In April of 2007, a tough Long Island underdog named Matt Serra stunned St-Pierre—and most MMA fans—with a barrage of unanswered strikes that forced the referee to stop the match 3:25 into the first round. Initially, GSP claimed that personal issues affected his focus going into the fight, but after the post-fight adrenaline had worn off he admitted that Serra was simply the better man that night. From then on, the Quebec native stopped making excuses and began making improvements.
“Georges obviously never wanted to lose again…So we both really focused on finding ways to win, and we started breaking down and analyzing fights,” says Firas Zahabi, a longtime friend and training partner who became GSP’s head coach after his loss to Matt Serra. “We started taking the preparation more seriously. We became much more calculated.”
It’s that devout preparedness that has earned St-Pierre a spot— maybe even the top spot—among the best fighters in the history of mixed martial arts.
At 32, GSP already has more than a decade’s worth of experience in MMA. Besides his trademark shaved head, the 5'10", 170 pound St-Pierre is identifable by his lean frame, circus-acrobat agility, and impressive strength. Heavy doses of gymnastics and Olympic weightlifting have kept him in a physical condition that would shame athletes in more traditional sports.
In Canada, GSP’s stardom has made MMA one of the country’s most watched sports, and, by extension, he’s indirectly increased national interest in other combat sports, like boxing and Muay Thai. His victories have also earned him the spoils of a champion. He has his own fitness app, and he’s appearing in Captain America: The Winter Soldier, due out in the spring of 2014.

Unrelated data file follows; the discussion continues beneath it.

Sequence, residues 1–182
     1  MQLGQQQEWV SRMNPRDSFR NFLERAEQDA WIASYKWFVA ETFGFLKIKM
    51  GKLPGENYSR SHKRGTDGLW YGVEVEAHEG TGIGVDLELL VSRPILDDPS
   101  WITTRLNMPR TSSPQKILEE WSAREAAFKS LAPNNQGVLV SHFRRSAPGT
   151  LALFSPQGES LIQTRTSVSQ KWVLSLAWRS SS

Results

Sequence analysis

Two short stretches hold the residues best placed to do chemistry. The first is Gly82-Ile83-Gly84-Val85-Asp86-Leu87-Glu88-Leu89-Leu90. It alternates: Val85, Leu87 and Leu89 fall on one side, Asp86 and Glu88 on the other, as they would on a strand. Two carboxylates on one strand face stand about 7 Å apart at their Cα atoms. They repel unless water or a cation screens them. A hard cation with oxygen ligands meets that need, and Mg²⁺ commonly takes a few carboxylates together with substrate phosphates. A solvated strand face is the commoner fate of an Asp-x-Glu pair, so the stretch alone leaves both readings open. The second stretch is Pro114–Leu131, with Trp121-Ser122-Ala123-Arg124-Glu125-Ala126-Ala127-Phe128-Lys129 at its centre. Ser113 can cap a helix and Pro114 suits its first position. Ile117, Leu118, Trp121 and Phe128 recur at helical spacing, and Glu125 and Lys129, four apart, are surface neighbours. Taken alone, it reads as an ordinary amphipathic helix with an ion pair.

Still, even after six years and nearly a dozen wins, what motivates George St-Pierre most is avoiding the bitter taste of defeat.
“You don’t want to lose,” says St-Pierre, who’s looking for his 12th straight victory since losing to Serra when he fights Johny Hendricks at UFC 167 in Las Vegas this month. “You don’t want to be humiliated. You fight to win, and at all costs.”
From the go, GSP has had the kind of fight presence and charisma that’s made him one of MMA’s marquee stars. Between his pro debut, in January of 2002, and his first loss to Matt Hughes, in October 2004, GSP had won six of his frst seven fights via TKO or submission.
“Some guys just have that thing...that ‘it’ factor...that thing you can’t put your fnger on. But they have that thing. That’s GSP,” says UFC President Dana White. “He has ‘it.’ He’s a huge pay-per-view star for us. The biggest pay-per-view star in the UFC right now.”